When the Marlins asked two weeks ago if Braves general manager Frank Wren would trade Martin Prado for Florida slugger Dan Uggla, Wren said he told them no and dangled Omar Infante instead.
Since Marlins GM Larry Beinfest had not replied about Infante, Wren must’ve been a bit surprised when Beinfest passed him a note in a group session Tuesday at the general managers meetings in Orlando.
On the slip of paper, Beinfest asked if Wren would still do the Uggla trade for Infante and a pitcher.
A few hours later, the two GMs announced the first big trade of baseball’s offseason: Second baseman Uggla to the Braves for All-Star infielder Infante and Mike Dunn, the third lefty in Atlanta’s bullpen.
On Friday, the Braves unveiled their new slugger at Turner Field, where Uggla posed for pictures in his No. 26 jersey and talked of how enthused he was to be coming home – or at least close to it.
“This is the closest big-league team to my home, and it creates an incredible opportunity for my family and friends to be able to come down and watch on a more consistent basis,” said Uggla, 30, who is from Columbia, Tennessee, about one hour south of Nashville.
“To play on a team like this, to play for an organization like this, is a great honor. It’s just going to drive me more this offseason, to help this team and to work as hard as I can to do everything I can to make sure that everything is going to be left out on the field.”
He said he was honored to switch from the No. 6 he wore in Florida, since the Braves will retire that number when retired manager Bobby Cox is inducted into the team’s Hall of Fame.
Uggla was flanked by Wren and new Braves manager Fredi Gonzalez, who had Uggla on his Florida teams for 3-1/2 seasons before Gonzalez was fired in June. Uggla said if he had to be traded, then being shipped to Atlanta and reunited with Gonzalez was a nice outcome.
“Great acquisition,” Gonzalez said. “We were looking for a guy who’s going to hit in the middle of the lineup, and we got this guy. Lucky for us.”
Asked what sets Uggla apart, Gonzalez said, “Consistency. Every day he was the same guy, no matter if he’d gone 0-for-4 the night before, or 4-for-4. As a manager, you like to see that in your players. He wants to play, and the only thing he wants to do is win….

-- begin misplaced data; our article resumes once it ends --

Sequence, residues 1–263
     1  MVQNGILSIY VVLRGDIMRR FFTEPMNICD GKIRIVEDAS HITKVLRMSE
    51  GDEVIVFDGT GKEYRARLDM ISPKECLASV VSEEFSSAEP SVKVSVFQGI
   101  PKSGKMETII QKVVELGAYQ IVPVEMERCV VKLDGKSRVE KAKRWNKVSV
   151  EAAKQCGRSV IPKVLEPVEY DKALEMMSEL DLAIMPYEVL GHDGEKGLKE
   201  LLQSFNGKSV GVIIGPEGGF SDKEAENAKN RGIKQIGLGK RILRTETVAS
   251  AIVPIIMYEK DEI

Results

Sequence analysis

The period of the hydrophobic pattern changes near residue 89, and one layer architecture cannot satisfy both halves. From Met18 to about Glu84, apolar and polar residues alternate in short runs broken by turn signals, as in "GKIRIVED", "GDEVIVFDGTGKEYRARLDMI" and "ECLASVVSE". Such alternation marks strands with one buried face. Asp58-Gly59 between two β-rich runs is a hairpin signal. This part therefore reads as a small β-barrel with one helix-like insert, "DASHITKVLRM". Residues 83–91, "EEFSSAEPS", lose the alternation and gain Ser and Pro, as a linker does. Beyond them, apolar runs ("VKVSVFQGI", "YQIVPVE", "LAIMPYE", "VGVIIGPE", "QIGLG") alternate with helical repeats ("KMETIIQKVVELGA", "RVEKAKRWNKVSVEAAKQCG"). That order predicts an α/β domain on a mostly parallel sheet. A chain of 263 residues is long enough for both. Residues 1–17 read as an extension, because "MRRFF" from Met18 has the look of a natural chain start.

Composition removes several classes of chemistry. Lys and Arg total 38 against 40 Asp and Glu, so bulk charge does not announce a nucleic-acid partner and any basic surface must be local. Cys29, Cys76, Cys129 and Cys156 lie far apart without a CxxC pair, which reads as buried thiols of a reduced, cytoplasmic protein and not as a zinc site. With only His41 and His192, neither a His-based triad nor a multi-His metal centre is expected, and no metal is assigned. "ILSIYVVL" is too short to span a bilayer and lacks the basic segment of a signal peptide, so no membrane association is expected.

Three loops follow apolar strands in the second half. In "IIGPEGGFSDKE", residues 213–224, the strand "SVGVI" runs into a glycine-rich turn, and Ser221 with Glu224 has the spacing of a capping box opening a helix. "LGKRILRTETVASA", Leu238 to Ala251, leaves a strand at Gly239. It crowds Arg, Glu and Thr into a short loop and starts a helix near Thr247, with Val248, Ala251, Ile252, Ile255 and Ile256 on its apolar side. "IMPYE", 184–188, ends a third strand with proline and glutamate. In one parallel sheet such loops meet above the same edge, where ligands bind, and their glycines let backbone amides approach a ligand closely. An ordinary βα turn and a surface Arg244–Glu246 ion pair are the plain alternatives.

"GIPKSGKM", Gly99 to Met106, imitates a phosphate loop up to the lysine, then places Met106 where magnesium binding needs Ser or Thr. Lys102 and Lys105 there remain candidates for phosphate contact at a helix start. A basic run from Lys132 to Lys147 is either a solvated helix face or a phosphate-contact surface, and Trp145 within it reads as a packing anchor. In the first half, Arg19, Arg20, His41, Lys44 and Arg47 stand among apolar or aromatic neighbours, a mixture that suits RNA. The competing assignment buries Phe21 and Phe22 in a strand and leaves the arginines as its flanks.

“You [reporters] are going to like him, because it doesn’t matter what happens on the field, he’s going to be there [after the game]. He’s accountable, not only to his teammates but to everybody.”
Uggla grew up watching the Braves on TBS, like so many others of a certain age from the South and elsewhere. Unlike them, Uggla grew up to hit more homers than most of those Braves he watched.
He averaged nearly 31 home runs and 93 RBIs with the Marlins, totaling more homers (154) than any other middle infielder in major league history during his first five seasons, and making two All-Star teams.
Cardinals superstar Albert Pujols is the only NL right-handed hitter to hit more homers in the past five seasons than Uggla, who never hit fewer than 28 for the Marlins and won a Silver Slugger award as the NL’s best-hitting second baseman in 2010.
Now the question on the minds of Braves fans: Can Wren and the Braves get him to stay in Atlanta long-term, or will Uggla play just one season before leaving as a free agent?
Both sides indicated Friday that a multi-year contract extension is something they would seriously pursue, and Uggla and Wren both seemed sincere about wanting it to happen.
“It’s something we have to sit down and talk about and discuss,” said Uggla, who turned down a four-year, $48 million offer from the Marlins, reportedly submitting a counterproposal of five years, $71 million.
Uggla is expected to command close to $11 million in his final year of arbitration eligibility, after making $7.8 million in 2010 and posting career-highs in batting average (.287), homers (33), RBIs (105), on-base percentage (.369) and slugging percentage (.508).
What it might take to keep him in Atlanta long-term remains to be seen, but some believe Uggla won’t demand quite as much as he might’ve to stay in Florida.
“Whatever the years and amount of money, that’s up to us to come to an agreement on,” he said. “With that said, I’m very interested in staying here for longer than just a year.”
Wren said he talked to Uggla’s agent on Thursday and discussed how they would prefer to wait at least a while before beginning negotiations. Whether that meant a few weeks or months wasn’t clear.